D is for Dog. I find a paper that says so. I print it out. Now Claire wants a Dog-Dog. How many spots are on the dog? Yay! We can all count spots!
Never mind that Caleb thinks it's actually a cheetah. He doesn't want to color. He wants to make a spaceship out of tape, paper and a hunk of plastic from some packaging he found under the sink. He does; half a roll of tape, an entire stapler's worth of staples, and a glue stick later, he has the most amazing space ship since Vostok 1. It lasts about fifteen minutes before he's crashed it into the "ocean" and Moscow explains to him his next mission: clean up the mess.
"Kimber, are spaceships real?"
"Do they really fly?"
"Yup, you want to see some space ships taking off on the computer?" Yeah!
Caleb is spellbound. The girls couldn't care less. They dump the toys out and use the boxes to build a stage for their concert and they make up their own songs. I don't get to sing, just watch, cause their songs are better than mine. Double Yay!
I'm not saying that sometimes it isn't a cop-out to neglect lesson plans for spontaneity; I am remembering why I consistently abandon structured learning every time I try to implement it. Kids seem to learn best what they are interested in the subject–and they are all so unique and ever-changing that I don't know how public school teachers manage–from sheer necessity they have to use a one-size-fits-all approach to teaching for the most part.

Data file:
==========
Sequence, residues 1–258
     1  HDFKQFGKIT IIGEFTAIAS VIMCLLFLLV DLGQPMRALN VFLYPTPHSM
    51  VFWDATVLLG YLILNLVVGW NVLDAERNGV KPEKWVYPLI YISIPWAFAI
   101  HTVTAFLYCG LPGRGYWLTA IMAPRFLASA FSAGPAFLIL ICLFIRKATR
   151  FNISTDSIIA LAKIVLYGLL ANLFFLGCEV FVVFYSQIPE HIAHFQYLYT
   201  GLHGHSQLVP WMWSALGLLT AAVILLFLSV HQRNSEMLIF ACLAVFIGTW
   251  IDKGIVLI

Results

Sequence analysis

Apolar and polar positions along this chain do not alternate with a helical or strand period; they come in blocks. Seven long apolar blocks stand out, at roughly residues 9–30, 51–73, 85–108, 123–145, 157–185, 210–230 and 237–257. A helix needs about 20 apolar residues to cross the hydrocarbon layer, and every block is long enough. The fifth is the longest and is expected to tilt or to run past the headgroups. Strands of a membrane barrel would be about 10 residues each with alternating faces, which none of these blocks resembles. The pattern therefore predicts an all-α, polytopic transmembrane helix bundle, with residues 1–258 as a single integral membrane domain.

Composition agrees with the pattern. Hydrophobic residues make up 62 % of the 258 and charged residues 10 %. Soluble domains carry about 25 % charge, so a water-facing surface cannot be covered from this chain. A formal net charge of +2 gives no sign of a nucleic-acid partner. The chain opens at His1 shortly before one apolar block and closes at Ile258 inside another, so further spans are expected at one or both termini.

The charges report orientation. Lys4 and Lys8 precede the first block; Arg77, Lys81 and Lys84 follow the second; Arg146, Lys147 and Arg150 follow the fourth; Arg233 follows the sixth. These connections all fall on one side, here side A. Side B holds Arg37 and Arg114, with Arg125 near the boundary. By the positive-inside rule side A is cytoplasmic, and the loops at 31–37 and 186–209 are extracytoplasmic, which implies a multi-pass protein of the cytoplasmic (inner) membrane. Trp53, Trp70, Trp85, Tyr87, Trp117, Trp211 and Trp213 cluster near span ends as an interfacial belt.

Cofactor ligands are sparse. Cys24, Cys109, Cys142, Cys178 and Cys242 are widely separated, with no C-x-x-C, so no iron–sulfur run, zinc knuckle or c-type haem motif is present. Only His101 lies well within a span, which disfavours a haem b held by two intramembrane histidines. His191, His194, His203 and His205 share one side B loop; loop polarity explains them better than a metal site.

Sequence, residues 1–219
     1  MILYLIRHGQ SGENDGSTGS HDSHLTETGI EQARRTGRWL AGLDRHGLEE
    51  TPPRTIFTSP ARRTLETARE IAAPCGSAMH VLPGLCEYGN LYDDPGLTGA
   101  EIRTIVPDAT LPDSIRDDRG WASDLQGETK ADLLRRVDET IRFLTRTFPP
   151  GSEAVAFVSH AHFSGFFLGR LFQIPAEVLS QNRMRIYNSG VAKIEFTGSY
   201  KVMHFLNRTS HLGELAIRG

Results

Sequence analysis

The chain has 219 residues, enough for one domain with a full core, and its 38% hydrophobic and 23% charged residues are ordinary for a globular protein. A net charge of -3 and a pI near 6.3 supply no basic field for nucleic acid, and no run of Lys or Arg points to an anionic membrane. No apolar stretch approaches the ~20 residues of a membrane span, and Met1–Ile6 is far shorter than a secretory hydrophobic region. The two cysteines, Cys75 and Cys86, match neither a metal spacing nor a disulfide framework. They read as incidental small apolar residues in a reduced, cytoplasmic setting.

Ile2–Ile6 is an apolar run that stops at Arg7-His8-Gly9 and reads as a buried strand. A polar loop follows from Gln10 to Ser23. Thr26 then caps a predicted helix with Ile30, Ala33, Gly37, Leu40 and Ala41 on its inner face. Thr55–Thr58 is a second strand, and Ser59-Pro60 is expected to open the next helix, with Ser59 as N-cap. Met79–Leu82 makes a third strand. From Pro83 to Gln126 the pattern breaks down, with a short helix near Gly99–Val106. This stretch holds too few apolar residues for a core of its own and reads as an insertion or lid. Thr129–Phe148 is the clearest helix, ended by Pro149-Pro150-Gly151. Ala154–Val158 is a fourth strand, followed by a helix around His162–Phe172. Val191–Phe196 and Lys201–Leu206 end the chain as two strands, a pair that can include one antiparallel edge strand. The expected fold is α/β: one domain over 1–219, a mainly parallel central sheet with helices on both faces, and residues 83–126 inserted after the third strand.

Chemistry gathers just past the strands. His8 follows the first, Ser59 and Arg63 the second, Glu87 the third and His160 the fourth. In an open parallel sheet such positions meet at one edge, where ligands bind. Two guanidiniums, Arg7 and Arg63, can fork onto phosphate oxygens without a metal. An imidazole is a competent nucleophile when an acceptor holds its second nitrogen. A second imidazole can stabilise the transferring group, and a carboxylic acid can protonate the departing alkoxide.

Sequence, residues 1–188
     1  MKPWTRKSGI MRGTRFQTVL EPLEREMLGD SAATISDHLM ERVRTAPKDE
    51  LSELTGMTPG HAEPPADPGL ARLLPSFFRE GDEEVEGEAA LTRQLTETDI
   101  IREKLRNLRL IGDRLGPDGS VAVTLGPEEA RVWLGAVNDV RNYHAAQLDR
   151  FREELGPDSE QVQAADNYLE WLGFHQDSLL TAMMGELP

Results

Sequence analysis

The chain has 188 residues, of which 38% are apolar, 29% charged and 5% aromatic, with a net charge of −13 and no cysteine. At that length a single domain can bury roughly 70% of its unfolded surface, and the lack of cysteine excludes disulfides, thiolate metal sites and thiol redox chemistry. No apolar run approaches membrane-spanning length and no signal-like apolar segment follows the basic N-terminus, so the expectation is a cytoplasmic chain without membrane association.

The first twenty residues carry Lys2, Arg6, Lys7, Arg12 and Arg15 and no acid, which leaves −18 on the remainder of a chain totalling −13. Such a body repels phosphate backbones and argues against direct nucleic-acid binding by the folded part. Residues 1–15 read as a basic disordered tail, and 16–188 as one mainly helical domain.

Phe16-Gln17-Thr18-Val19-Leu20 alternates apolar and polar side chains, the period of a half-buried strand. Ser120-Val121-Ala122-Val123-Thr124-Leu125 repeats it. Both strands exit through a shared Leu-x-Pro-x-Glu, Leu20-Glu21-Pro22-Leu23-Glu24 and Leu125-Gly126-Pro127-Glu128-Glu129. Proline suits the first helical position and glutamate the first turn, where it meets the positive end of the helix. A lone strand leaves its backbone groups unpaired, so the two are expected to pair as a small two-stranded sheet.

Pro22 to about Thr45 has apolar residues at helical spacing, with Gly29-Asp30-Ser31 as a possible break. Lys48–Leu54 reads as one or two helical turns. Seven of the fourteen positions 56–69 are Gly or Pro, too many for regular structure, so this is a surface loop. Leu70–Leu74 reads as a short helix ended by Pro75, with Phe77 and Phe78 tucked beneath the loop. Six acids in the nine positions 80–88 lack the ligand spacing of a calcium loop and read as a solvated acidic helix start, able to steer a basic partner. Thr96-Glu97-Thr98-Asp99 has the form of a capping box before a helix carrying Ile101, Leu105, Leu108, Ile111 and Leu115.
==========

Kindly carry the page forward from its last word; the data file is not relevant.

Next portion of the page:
In some respects, I operate the same way–at meal times, everyone gets the same things and you eat what I serve or you go hungry. Period. But wherever I can, I try to say yes, not no. I remember reading something, before I had kids: "Chaos breeds genius" and whenever my kids wanted to convert the entire kitchen/living room/dining area into a lego/fisher-price/lincoln log/Knex metropolis, or try to dig a hole to China in the back yard, I repeated that mantra.
I'm not saying my children all score in the upper 99th percentile primarily because of my shabby housekeeping or landscaping skills, but I think that the longer we can avoid cramming their intelligences and desires into a mold that is more convenient for our own agendas, the better.
If I installed a (fake) security camera above the toilet and put a large sign above it that reads, "This Camera Is Wireless And Audio Activated–If It Senses The Sound Of Any Liquid Striking Any Surface Other Than Water, Your Picture Will Be Taken" would this discourage or encourage peeing on the wall?
What if I threatened to broadcast the results on YouTube? Penalized the Pee-er with hard labor? What if I just put the bathrooms in lockdown and charged admission fees refundable upon inspection? What if I brought the ceiling down to about four feet so you had to sit?
What if…..I made them build a latrine in the vacant lot next door??!
Speaking of pee; right now my brother-in-law is getting his new kidney. All our prayers with you guys–and Jay, next time you come to visit, you, and you alone, can pee on any wall you want to.